Archives of Toxicology

, Volume 67, Issue 5, pp 365–368 | Cite as

Degradation of methyl and ethyl mercury by singlet oxygen generated from sea water exposed to sunlight or ultraviolet light

  • Ikuo Suda
  • Mari Suda
  • Kimiko Hirayama
Short Communication


Photodegradation of methyl mercury (MeHg) and ethyl Hg (EtHg) in sea water was studied by sunlight or ultraviolet (UV) light exposure, and by determining inorganic Hg produced by degradation. Sea water containing 1 μM MeHg or EtHg was exposed to sunlight or UV light. N-Acetyl-l-cysteine was added to the solution for preventing Hg loss during the light exposure. MeHg and EtHg in sea water were degraded by sunlight (>280 nm), UV light A (320–400 nm) and UV light B (280–320 nm), though the amounts of inorganic Hg produced from MeHg were 1/6th to 1/12th those from EtHg. Inorganic Hg production was greater with increasing concentration of sea water. Degradation of MeHg and EtHg by the UV light A exposure was inhibited by singlet oxygen (1O2) trappers such as NaN3, 1,4-diazabicyclo[2,2,2]octane, histidine, methionine and 2,5-dimethylfuran. On the other hand, inhibitors or scavengers of Superoxide anion, hydrogen peroxide or hydroxyl radical did not inhibit the photodegradation of alkyl Hg. These results suggested that (1O2) generated from sea water exposed to sunlight, UV light A or UV light B was the reactive oxygen species mainly responsible for the degradation of MeHg and EtHg.

Key words

Methyl mercury Ethyl mercury Reactive oxygen Photodegradation Sunlight 





methyl mercury


ethyl mercury


superoxide anion


hydrogen peroxide

· OH

hydroxyl radical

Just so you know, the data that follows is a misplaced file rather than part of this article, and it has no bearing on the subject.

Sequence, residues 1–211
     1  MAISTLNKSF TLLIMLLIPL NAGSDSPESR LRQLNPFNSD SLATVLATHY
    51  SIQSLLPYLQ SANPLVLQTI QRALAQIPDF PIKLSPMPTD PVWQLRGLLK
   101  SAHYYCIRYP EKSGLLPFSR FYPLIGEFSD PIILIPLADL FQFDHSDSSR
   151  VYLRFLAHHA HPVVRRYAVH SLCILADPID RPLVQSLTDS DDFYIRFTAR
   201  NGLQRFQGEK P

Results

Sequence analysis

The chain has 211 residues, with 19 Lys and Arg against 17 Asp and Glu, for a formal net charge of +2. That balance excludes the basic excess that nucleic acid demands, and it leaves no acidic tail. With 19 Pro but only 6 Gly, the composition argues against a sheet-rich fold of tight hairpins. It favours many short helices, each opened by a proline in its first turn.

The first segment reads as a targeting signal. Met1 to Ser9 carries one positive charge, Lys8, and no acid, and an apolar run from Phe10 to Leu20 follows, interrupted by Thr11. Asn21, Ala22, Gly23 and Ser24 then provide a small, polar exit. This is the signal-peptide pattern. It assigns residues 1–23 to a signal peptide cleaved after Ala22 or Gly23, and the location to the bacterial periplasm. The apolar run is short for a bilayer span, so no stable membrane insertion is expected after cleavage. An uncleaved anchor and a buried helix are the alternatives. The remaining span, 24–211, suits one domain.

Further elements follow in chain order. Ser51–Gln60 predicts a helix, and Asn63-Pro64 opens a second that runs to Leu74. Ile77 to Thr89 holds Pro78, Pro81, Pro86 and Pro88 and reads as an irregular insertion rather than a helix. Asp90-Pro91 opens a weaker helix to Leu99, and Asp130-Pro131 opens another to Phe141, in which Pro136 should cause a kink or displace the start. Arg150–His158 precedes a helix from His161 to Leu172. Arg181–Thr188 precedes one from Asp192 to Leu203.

singlet oxygen






Unable to display preview. Download preview PDF.

Unable to display preview. Download preview PDF.


  1. Asada K (1990) Light and oxygen environments in the biosphere and their effects on the evolution of organisms. J Act Oxyg Free Rad 1: 28–37Google Scholar
  2. Eto K, Oyanagi S, Itai Y, Tokunaga H, Takizawa Y, Suda I (1992) A fetal type of Minamata Disease: an autopsy case report with special reference to the nervous system. Mol Chem Neuropathol 16: 171–186PubMedGoogle Scholar
  3. Inoko M (1981) Studies on the photochemical decomposition of organomercurials-methyl mercury (II) chloride. Environ Pollut (Series B) 2: 3–10CrossRefGoogle Scholar
  4. Konishi T, Takahashi H (1983) Direct determination of inorganic mercury in biological materials after alkali digestion and amalgamation. Analyst 108: 827–834CrossRefPubMedGoogle Scholar
  5. Suda I, Hirayama K (1992) Degradation of methyl and ethyl mercury into inorganic mercury by hydroxyl radical produced from rat liver microsomes. Arch Toxicol 66: 398–402PubMedGoogle Scholar
  6. Suda I, Takahashi H (1986) Enhanced and inhibited biotransformation of methyl mercury in the rat spleen. Toxicol Appl Pharmacol 82: 45–52CrossRefPubMedGoogle Scholar
  7. Suda I, Takahashi H (1992) Degradation of methyl and ethyl mercury into inorganic mercury by other reactive oxygen species besides hydroxyl radical. Arch Toxicol 66: 34–39PubMedGoogle Scholar
  8. Suda I, Totoki S, Konishi T, Takahashi H (1990) Biotransformation of alkyl mercury by active oxygen producing systems. Comprehensive Studies on Minamata Disease 16 [Suppl]: 39–49Google Scholar
  9. Suda I, Totoki S, Takahashi H (1991) Degradation of methyl and ethyl mercury into inorganic mercury by oxygen free radical-producing systems: involvement of hydroxyl radical. Arch Toxicol 65: 129–134PubMedGoogle Scholar
  10. Suda I, Totoki S, Uchida T, Takahashi H (1992) Degradation of methyl and ethyl mercury into inorganic mercury by various phagocytic cells. Arch Toxicol 66: 40–44PubMedGoogle Scholar
  11. Takahashi H, Shibuya Y, Fukushima Y (1978) Photochemical degradation of methylmercury. Comprehensive Studies on Minamata Disease, Middle Reports 4: 7–10Google Scholar
  12. Takizawa Y, Minagawa K, Hisamatsu S (1981) Studies on mercury behaviour in man's environment: (report V) photodegradation of methylmercury in the atmosphere by ultraviolet rays with sterilization. Jpn J Pub Health 28: 313–320Google Scholar
  13. Yasutake A, Hirayama K (1990) Selective quantification of inorganic mercury in tissues of methylmercury-treated rats. Bull Environ Contam Toxicol 45: 662–666CrossRefPubMedGoogle Scholar

Copyright information

© Springer-Verlag 1993

Authors and Affiliations

  • Ikuo Suda
    • 1
  • Mari Suda
    • 1
  • Kimiko Hirayama
    • 2
  1. 1.Kyushu National Agricultural Experiment StationMAFFNishigoshi KumamotoJapan
  2. 2.Kumamoto University College of Medical ScienceKumamotoJapan

Personalised recommendations